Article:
Telecoms firms have always been a litigious bunch. In Austria last year, they called in the lawyers to fight the terms of the country’s spectrum auction and then challenged its outcome when it was over. The terms of the Czech auction were also challenged.
The latest operator to choose this path is PCCW, which went to court last week over the Hong Kong regulator’s plan to “reclaim” a third of the city’s 3G spectrum and make it available at an auction that will be open to new market entrants (the giant China Mobile is waiting in the wings).
While not all of these challenges are ultimately successful, they do always eat up regulatory time and resources. In the UK, Ofcom has faced 61 appeals over the last five years, with nearly all of its rulings challenged in the country’s Competition Appeals Tribunal. It says fighting these cases has cost between £2 million (€2.4 million) and £4.5 million (€5.5 million) a year.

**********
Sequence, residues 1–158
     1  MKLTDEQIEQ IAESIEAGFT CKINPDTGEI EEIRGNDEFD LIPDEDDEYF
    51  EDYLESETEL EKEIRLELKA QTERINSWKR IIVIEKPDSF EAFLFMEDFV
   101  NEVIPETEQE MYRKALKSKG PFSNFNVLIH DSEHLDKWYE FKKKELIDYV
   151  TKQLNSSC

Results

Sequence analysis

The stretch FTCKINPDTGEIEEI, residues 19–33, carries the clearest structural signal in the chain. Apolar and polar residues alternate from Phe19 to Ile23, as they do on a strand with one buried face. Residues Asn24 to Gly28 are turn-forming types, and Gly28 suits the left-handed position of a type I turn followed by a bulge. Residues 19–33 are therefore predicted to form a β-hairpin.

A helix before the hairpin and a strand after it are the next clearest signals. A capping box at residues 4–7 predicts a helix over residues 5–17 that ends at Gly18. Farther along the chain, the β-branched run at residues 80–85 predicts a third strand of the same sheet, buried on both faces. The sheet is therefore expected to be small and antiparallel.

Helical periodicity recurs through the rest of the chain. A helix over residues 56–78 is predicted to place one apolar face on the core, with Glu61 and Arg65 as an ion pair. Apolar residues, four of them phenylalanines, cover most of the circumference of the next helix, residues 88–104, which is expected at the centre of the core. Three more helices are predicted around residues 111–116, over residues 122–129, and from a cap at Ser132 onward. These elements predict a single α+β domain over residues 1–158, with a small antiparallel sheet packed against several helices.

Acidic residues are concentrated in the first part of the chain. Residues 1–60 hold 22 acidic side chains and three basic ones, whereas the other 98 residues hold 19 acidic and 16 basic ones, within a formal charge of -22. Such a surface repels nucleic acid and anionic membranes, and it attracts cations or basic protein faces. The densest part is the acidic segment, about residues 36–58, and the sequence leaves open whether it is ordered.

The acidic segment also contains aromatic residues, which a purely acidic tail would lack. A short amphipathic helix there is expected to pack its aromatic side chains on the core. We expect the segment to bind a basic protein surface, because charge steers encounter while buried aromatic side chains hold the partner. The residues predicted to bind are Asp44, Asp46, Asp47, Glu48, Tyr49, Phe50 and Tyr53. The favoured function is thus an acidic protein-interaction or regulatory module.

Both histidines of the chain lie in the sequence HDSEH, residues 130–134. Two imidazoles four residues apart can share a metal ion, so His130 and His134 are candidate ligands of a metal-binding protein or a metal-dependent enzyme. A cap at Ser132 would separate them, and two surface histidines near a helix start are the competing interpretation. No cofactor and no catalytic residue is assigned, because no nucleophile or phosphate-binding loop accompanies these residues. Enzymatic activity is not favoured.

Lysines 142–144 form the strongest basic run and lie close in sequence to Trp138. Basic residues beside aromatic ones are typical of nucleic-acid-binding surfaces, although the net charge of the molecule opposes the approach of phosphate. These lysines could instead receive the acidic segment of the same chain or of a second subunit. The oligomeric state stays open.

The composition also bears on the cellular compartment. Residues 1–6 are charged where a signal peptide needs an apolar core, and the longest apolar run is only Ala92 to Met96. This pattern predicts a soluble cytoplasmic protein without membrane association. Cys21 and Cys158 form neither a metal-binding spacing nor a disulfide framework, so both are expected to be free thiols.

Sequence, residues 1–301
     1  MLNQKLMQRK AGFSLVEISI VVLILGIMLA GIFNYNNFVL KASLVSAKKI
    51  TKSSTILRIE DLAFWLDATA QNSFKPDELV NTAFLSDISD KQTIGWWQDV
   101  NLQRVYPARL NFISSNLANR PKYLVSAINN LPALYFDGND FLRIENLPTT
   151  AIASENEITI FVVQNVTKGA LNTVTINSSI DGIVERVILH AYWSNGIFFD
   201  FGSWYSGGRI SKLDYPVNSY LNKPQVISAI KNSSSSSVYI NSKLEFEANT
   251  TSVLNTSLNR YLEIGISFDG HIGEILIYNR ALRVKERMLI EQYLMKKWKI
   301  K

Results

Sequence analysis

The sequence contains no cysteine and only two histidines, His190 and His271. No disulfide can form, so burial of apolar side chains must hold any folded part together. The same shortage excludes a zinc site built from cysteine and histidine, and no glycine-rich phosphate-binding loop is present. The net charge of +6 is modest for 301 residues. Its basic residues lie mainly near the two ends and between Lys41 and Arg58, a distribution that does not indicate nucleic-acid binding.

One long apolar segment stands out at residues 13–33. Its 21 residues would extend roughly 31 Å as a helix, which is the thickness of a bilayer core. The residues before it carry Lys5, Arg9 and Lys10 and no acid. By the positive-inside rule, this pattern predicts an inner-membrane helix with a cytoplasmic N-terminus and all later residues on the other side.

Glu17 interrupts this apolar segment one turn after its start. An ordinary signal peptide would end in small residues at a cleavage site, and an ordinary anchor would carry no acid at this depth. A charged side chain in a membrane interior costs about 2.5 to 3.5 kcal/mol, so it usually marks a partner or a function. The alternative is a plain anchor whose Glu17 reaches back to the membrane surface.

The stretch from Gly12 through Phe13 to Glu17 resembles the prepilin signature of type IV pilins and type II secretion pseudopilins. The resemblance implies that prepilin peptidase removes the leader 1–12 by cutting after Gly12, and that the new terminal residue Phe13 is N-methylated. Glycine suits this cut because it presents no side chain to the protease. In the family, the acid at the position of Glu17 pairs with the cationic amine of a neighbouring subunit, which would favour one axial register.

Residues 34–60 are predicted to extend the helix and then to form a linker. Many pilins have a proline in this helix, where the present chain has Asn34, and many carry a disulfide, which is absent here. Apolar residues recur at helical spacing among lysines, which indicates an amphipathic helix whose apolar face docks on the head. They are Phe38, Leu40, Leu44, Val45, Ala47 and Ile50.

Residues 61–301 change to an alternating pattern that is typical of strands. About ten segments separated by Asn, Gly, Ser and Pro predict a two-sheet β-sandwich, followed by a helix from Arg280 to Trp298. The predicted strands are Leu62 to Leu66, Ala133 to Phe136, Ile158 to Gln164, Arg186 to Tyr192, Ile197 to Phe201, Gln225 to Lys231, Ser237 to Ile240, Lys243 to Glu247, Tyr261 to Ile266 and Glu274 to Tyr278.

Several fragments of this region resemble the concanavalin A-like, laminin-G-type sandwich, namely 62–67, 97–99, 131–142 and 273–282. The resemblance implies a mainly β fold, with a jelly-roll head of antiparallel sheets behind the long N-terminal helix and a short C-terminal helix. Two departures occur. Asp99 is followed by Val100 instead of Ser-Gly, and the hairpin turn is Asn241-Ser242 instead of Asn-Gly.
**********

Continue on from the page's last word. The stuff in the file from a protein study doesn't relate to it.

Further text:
Chief executive Ed Richards has said that the system is “too legalistic and too open to gaming” by companies able to pay for large legal teams, and that “everything we do now is subject to the huge shadow of threat of litigation”. Consumer groups recently wrote to the UK government to complain that Ofcom’s decisions were “derailed too easily”.
None of this is new. Companies have used the law courts tactically in pursuit of commercial advantage for years. But perhaps now is a good time to rethink the powers of those who are responsible for the efficient use of spectrum.
While no one thinks regulators should be all-powerful, do we really want them to be quite so vulnerable? To be dragged through the courts quite so often?
In the wake of the financial crisis, there has been much talk of “regulatory capture”, whereby companies become so influential over regulators that they effectively control their thinking. Is this so very different to a situation where companies can knock regulators off course with one flick of their legal wrists?